The category, action and label dimensions in legacy versions of Google Analytics made it simple to organize your events, but these variables have been deprecated in Google Analytics 4. Before you start creating GA4 tags you need to do some careful planning to ensure that your reports are set up properly. In this post I will share the best practices that I have gathered when setting up events and parameters so that you can avoid common mistakes.
|UPDATE (Nov 13, 2020):|
This post has been updated with the release of Event Editing.
Old Events vs. New Events
The concept of an event has changed in Google Analytics 4. Here is a quick summary of the differences:
- The traditional definition of an “event” was any action that you would like to track other than a page view (click, impression, form submit, error, etc). When you created events, you simply set a “category”, “action” and “label” to specify how it should appear in the “Top Events” report. Then, you passed any other context about the event to the “value” parameter or any custom dimensions/metrics you would like.
- The new definition of an “event” is more broad: “…any distinct action occurring at a distinct time associated with a user” (source). To provide further context to the event, the concept of a generic “category”, “action”, and “label” has been replaced by an event name and a list of key-value pairs called “parameters”. On the web, every time you fire an event to GA4 you are telling the browser to send data to Google Analytics (mobile apps send events in batches, but the concept is the same).
There is no page view hit in GA4. All hits are events (and multiple events may be included in a hit), and so to track a page view you need to create an event and give it the name “page_view”. The page title, URL and other dimensions are set as parameters.
Also, the “Top Events” report has been replaced with the “All Events” report in GA4, and the first thing you’ll notice about this report is that events cannot be grouped. If you click on the event, you will be taken to a special report with details about that specific event.
Best Practices to Avoid Common Mistakes
Okay, here are the best practices that I’ve gathered to get you off to a good start:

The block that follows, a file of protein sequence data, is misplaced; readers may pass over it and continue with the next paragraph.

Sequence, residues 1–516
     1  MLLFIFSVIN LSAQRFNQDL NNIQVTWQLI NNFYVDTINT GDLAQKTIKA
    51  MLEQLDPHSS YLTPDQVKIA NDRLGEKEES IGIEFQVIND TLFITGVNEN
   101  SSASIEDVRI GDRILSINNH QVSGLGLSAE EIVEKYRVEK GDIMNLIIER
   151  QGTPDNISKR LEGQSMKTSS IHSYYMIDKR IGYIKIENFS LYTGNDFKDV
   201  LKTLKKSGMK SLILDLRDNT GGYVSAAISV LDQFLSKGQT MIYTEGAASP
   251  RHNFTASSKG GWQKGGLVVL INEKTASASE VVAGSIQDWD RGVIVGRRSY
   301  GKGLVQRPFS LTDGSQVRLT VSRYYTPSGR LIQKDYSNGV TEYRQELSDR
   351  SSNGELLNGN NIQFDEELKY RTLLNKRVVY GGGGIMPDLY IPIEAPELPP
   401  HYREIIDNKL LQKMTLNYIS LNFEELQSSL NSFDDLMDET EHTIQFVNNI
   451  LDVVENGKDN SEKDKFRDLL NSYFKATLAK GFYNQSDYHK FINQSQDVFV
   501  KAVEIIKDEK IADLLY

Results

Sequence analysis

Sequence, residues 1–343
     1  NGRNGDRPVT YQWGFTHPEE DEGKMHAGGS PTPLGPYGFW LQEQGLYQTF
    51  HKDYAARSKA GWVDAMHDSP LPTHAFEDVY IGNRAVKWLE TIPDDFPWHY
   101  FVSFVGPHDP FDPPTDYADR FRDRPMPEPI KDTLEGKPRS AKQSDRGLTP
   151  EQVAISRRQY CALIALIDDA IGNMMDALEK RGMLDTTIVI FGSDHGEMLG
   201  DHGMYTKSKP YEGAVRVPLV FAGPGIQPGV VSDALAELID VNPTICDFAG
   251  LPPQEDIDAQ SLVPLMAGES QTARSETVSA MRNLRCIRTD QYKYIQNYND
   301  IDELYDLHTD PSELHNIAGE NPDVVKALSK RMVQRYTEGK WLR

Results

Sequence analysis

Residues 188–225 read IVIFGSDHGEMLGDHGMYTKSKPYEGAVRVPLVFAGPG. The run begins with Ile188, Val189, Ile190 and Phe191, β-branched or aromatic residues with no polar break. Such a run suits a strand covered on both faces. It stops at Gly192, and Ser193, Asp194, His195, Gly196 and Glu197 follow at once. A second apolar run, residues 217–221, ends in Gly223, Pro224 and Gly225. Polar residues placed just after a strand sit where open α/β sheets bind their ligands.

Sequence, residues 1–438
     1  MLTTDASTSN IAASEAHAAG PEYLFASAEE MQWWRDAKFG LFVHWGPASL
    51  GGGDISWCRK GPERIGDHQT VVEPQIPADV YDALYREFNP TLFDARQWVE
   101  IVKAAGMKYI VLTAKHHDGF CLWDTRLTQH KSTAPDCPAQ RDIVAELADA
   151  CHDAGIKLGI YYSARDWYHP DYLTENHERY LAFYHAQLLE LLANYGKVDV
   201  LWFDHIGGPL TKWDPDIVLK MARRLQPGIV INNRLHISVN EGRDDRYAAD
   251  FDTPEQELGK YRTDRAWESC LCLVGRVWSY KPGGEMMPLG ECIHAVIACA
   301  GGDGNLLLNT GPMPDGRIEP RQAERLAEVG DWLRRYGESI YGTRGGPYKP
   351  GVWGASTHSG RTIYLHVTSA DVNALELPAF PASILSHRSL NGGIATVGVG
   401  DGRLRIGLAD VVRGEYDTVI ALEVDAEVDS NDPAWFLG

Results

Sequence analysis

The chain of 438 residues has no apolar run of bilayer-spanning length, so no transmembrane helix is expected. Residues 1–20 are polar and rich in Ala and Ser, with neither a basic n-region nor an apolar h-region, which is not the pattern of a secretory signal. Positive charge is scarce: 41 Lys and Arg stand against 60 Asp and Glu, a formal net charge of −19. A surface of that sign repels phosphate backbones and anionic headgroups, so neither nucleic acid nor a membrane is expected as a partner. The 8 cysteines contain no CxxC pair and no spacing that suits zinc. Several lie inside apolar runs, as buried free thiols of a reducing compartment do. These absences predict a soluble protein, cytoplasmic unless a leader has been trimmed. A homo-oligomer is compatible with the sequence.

1) Use the Suggested Events when Possible
This should be obvious, but I am guilty of setting up custom events only to realize later that a suggested event was available (see full list here). There are two reasons why it is important to use the suggested events:
- In many cases, the suggested events unlock new reporting. Take the page view event on a website for example. If you mistakenly create an event called “pageview”, Google will not have any context to understand what this event is tracking. But if you use the standard event name “page_view”, then your tag will automatically capture additional parameters such as the page title and name, and make these available in the reporting interface.
- Google Analytics 4 is brand new, so it is important to set yourself up to gain access to new features and integrations that are released as the product is expanded. It’s important that we set up events and parameters properly the first time because making changes down the road can be painful, so using the suggested events might just help you avoid this pain down the road.
2) Use Event Editing to Track Conversions
The concept of a “goal” in previous versions of GA has been replaced with events that have been “marked as conversions” in GA4. And although you previously created goals out of an event or page view where certain parameters were set (such as: event category = “lead submitted” or URL matches some regular expression), you now enable an event to be recorded as a conversion by the event name only — no parameter conditions are allowed.